As to describing a scent as an "old lady scent", every time I smell a powdery floral I think of Grandma (fondly) because Grandma wore powdery floral perfumes. And I wear scents that are often described as "old man scents". Well, I am an old man and I am not offended. And I will clearly state that I don't want to smell like my late dear old Grandma. Sticks and stones will break my bones but words will never hurt me.

Mar
20
2017
emt1986
emt1986

"Sexism, the view of women or the feminine as lesser, hurts EVERYONE. It is at the root of demeaning women AND men, gay people and straight people, and everyone in between for vast and varying reasons. And just because women suffer first, most, or more overtly due to sexism, does not mean we don't share the burden somehow."

Thank you for this, JackieM! Very, very well put.

Mar
20
2017
cjas9298
cjas9298

If a discussion of sexism in perfume appreciation feels like tyranny to you …

Mar
20
2017
x-x-x-ANGEL-x-x-x
x-x-x-ANGEL-x-x-x

I notice quite often I get a strange look from the counter assistants when I ask for samples of fragrances aimed towards women, and then feel I must explain my reasons for choosing a more lighter feminine scent, over a more heavier masculine scent.

Personally, I would love to be able to wear the more heavier masculine scents, I adore the likes of Bleu de Chanel, but that sadly causes me extremely bad headaches, which so many male fragrances do for me.

I also feel surely the counter assistants should themselves realise, what a perfume smells like on one person will be different to the next person due to our body chemistry.

Mar
20
2017
D-Bo
D-Bo

In my opinion, fragrances don't have genders but they certainly have attitudes. That being said, I do have a few in my collection that I personally could never see a woman pulling off in any kind of social setting. Just my opinion though.

One additional thought... Just because someone defines a scent as "girly" or "feminine" doesn't mean that it's putting anyone down. Not sure why people get so offended by these comments. Confidence in your choices is the key, no matter what anyone says. You'll never please everyone in everything you do, be it fragrance choices or the clothes you wear or the things you do. That's just a fact.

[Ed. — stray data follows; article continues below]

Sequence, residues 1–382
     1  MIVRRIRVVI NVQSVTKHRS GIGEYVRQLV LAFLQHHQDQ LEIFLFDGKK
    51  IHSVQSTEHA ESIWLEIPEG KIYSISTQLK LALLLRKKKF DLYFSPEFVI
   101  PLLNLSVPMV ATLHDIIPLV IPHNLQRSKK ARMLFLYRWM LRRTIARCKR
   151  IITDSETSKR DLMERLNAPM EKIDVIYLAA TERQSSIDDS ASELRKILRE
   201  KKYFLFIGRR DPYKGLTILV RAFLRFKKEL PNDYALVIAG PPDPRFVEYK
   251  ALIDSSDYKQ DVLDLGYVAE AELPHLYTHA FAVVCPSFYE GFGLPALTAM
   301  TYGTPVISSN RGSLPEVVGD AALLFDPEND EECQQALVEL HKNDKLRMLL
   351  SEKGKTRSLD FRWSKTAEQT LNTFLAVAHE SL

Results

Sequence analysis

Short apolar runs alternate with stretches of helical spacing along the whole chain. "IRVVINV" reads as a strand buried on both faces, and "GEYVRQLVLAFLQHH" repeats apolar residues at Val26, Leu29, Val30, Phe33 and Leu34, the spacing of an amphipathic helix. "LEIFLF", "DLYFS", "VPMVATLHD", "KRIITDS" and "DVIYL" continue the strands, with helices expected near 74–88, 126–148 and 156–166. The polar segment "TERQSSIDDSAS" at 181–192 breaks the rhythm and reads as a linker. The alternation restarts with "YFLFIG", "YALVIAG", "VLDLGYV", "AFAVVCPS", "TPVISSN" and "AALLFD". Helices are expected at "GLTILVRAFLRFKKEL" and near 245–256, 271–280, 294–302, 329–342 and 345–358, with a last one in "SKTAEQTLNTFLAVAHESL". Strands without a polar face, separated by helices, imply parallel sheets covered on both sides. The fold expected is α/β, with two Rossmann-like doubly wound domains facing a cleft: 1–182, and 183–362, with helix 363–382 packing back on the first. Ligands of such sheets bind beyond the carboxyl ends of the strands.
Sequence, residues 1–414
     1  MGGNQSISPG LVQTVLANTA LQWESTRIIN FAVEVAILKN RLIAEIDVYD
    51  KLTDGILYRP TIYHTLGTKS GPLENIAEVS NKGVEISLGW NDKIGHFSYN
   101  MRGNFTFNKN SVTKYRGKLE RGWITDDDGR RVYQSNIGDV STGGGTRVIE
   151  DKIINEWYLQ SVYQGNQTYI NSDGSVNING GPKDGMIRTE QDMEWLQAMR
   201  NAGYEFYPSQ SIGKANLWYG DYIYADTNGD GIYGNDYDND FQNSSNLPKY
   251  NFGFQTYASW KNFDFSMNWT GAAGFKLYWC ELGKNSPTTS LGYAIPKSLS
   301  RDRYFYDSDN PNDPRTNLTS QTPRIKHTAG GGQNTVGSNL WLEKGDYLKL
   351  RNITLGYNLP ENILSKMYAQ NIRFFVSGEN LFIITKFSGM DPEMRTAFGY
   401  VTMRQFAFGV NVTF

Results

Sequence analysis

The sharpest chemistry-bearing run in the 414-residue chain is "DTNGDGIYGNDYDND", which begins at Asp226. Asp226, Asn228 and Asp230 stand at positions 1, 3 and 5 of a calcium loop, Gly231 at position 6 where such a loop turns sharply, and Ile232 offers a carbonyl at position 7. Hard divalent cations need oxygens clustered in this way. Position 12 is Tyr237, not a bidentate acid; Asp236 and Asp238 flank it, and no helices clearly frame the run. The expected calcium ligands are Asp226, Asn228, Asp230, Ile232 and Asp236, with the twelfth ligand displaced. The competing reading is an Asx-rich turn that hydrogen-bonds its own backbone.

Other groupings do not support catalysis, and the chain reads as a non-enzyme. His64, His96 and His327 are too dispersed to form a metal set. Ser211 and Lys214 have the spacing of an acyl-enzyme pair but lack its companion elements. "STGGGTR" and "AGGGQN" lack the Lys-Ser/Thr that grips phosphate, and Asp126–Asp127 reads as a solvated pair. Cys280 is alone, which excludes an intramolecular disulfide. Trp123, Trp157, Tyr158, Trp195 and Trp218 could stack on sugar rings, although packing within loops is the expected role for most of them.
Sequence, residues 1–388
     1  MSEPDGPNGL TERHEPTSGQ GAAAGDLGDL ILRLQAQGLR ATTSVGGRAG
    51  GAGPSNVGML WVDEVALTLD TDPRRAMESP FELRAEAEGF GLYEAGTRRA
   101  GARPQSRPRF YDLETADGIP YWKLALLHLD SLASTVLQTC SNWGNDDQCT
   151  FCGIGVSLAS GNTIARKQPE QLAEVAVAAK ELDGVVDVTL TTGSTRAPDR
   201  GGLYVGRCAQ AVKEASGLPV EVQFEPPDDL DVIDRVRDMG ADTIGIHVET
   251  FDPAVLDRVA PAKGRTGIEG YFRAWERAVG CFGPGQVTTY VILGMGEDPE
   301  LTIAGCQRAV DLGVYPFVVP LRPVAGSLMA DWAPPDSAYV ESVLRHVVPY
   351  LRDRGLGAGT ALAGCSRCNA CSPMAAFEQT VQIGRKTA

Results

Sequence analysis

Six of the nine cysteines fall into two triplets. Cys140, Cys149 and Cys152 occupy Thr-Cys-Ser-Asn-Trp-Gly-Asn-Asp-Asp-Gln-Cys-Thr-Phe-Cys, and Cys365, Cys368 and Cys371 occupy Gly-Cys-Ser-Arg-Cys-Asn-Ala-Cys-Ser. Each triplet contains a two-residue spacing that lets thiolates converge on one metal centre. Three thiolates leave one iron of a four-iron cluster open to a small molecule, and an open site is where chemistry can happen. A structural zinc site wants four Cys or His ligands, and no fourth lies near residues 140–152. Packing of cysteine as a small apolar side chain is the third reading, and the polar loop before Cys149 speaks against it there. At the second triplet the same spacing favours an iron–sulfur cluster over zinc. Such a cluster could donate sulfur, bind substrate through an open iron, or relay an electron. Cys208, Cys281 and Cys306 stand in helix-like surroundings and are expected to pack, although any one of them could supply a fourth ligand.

Mar
20
2017
CElmlund
CElmlund

Wear what you enjoy, fragrance is a personal journey. I have and want several female fragrances because a spray or two might compliment the male version like Obsession, or they might flat out smell better to me than the male version like Bijan, or it just smells good and I want it. I believe if a fragrance makes you feel great, puts you in a good space and you like it then by all means spray on.

Mar
20
2017
Jasmine13
Jasmine13

Very interesting, i wish i could attend! Thank you to Fumerie parfumerie for hosting such an important discussion!

Mar
20
2017
AntoanetteS
AntoanetteS

From my point of view, people in their 20s and 30s are more free to wear whatever they like... I have a straight male friend who wears womens fragrance. My boyfriend wears unisex fragrance...me, I wear whatever I like! I never understood what ¨mature scent¨ or ¨older lady scent¨ or even ¨office scent¨ really means although these are descriptions I often find in fragrantica reviews. What I noticed is that older people like 50+ often use them to describe things in person, example: I adore Chanel no.5 since I was a kid, I wanted to buy one with my official first salary and I was like 17...and the lady in the shop told me...¨no, no this is not appropriate for you, you should get something more ¨fresh¨....so I just left the shop, I was 17 (I wouldn´t leave the shop now that I am 27, I´ll just get what I want, without embarrassment and explanations). We are the ones who create stereotypes for each other and put ourselves in boxes because of someone else´s opinios for what´s appropriate. People blame media, magazines, commercials and so on... but WE are the ones who create all of that mess we call sexism!